Since 2000, many branded drugs in the US have experienced rapid annual price increases.
Take the diabetes drug Lantus. It’s seen 20% annual list price increases from 2001-14.
Insurers employ Pharmacy Benefit Managers (PBMs).
These are middlemen who use the combined volume of insurers as buying power to drive down drug prices, making drug makers pay a rebate on the list price. PBMs keep a big chunk of this rebate yet have been unable to prevent the consumer from paying rapidly increasing prices.
In 2014/15, some diabetes drugs such as Lantus started coming under pricing pressure.
PBMs played companies off against each other, threatened to exclude drugs from the all-important formulary, and for Lantus, used the threat of imminent biosimilar entry (generics for complex biologic drugs) to get further deductions.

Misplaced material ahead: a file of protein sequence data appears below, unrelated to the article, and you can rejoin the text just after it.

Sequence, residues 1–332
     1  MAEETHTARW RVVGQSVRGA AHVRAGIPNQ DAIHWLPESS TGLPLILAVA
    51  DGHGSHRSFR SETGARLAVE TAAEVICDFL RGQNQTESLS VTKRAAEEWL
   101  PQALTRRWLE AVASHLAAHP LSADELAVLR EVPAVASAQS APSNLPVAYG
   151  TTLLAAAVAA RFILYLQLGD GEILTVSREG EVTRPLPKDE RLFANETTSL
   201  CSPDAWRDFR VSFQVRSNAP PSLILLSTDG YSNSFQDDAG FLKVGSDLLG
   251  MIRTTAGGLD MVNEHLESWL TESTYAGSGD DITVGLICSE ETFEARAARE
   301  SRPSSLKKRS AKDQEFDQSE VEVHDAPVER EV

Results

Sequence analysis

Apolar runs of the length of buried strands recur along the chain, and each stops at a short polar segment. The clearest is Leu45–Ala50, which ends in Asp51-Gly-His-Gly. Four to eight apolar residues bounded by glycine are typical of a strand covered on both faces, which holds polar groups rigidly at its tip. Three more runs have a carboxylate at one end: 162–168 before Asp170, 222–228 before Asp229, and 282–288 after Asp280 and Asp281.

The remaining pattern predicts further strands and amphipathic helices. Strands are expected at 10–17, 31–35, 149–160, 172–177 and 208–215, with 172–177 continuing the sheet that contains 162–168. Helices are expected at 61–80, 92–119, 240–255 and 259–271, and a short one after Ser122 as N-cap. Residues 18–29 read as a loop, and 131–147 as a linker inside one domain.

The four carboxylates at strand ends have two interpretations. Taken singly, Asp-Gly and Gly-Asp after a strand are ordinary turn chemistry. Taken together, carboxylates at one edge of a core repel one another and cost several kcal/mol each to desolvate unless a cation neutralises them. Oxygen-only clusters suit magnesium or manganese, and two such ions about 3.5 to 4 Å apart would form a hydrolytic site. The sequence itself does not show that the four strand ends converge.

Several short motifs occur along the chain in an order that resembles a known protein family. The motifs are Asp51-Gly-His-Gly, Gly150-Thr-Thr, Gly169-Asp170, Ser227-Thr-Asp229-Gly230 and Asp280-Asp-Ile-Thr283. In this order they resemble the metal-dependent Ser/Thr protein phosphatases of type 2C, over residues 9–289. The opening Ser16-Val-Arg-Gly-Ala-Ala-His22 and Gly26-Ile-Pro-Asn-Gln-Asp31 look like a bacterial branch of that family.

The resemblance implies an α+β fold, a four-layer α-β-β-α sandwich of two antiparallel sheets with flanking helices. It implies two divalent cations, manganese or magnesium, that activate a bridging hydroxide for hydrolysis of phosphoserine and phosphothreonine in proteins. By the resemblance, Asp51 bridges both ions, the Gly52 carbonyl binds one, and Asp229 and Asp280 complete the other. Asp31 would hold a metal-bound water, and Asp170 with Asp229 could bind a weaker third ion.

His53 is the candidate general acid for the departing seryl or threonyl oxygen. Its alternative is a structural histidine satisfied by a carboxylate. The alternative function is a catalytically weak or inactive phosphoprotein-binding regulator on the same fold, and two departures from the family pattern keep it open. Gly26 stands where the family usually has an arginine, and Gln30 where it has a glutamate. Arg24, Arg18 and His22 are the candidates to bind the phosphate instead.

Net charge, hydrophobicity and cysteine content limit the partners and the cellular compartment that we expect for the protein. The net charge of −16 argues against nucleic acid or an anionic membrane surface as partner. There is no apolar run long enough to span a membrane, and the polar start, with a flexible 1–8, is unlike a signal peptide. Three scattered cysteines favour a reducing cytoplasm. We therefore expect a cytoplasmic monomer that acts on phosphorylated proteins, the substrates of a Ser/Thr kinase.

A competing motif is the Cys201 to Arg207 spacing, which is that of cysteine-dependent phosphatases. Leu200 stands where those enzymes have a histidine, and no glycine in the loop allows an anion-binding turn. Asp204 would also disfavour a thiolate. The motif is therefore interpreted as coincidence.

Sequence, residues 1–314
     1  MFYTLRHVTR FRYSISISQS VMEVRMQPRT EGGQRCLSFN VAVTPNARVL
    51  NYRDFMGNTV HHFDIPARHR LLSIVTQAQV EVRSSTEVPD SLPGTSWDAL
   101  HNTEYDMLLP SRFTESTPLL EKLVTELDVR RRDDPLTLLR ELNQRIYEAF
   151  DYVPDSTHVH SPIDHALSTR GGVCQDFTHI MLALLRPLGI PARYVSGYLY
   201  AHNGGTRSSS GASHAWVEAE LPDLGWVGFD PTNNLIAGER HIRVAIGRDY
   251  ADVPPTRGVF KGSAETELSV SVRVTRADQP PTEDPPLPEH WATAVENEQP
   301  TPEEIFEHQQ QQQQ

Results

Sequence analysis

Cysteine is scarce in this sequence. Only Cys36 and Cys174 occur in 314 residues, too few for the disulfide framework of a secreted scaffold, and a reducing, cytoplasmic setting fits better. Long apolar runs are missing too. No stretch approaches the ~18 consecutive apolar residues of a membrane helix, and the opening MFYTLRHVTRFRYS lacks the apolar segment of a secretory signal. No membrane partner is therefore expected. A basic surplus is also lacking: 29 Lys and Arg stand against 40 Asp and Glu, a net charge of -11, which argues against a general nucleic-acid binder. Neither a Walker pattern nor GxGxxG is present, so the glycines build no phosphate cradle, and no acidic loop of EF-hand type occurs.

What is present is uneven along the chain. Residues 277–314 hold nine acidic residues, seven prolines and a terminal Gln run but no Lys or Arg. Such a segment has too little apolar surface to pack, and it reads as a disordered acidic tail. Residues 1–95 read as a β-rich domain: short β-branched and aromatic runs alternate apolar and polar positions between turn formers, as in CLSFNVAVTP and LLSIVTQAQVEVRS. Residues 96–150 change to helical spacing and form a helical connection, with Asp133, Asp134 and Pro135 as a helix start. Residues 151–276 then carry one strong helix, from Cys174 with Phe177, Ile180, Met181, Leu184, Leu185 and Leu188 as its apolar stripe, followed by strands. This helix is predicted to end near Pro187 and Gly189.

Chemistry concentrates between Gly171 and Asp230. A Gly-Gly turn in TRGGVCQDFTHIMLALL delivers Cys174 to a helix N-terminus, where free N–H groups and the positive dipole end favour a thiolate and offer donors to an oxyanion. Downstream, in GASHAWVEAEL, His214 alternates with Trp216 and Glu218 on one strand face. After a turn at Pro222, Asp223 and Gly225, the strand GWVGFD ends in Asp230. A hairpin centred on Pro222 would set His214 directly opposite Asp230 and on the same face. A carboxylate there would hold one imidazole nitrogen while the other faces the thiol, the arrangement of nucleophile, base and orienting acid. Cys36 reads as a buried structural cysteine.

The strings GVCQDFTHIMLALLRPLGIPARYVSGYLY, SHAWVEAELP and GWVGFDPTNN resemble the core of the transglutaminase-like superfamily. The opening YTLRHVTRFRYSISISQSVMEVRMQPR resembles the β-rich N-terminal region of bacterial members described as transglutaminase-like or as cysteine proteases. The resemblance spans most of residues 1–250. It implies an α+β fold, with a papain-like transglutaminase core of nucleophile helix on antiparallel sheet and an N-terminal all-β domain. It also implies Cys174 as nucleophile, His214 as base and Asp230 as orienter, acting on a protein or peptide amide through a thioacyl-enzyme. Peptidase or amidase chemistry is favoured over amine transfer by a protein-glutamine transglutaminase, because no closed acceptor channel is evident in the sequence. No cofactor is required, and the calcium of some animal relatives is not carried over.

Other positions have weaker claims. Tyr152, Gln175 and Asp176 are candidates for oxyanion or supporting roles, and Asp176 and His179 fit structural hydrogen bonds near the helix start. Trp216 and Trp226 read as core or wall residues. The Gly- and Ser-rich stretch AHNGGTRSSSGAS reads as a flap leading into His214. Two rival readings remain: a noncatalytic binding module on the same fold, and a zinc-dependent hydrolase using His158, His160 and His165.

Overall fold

And the pressure didn’t stop there.
The 2015 launch of Entresto, a drug that shows significant improvement in heart failure conditions, was suppressed by PBMs.
PBMs created barriers for patients: Prior Authorisations (a long form the doctor has to fill out to get the drug approved by the insurer) and step therapies (the patient has to fail other drugs first).
PBMs resorted to these tactics because drug expenditure is now so high that many can’t afford insurance, with the proportion of consumers taking cheaper high deductible insurance plans rising dramatically. Consequently, insurers want PBMs to cut costs.
So what are the possible long term solutions to get drug prices down?
Find out next #PharmaFriday.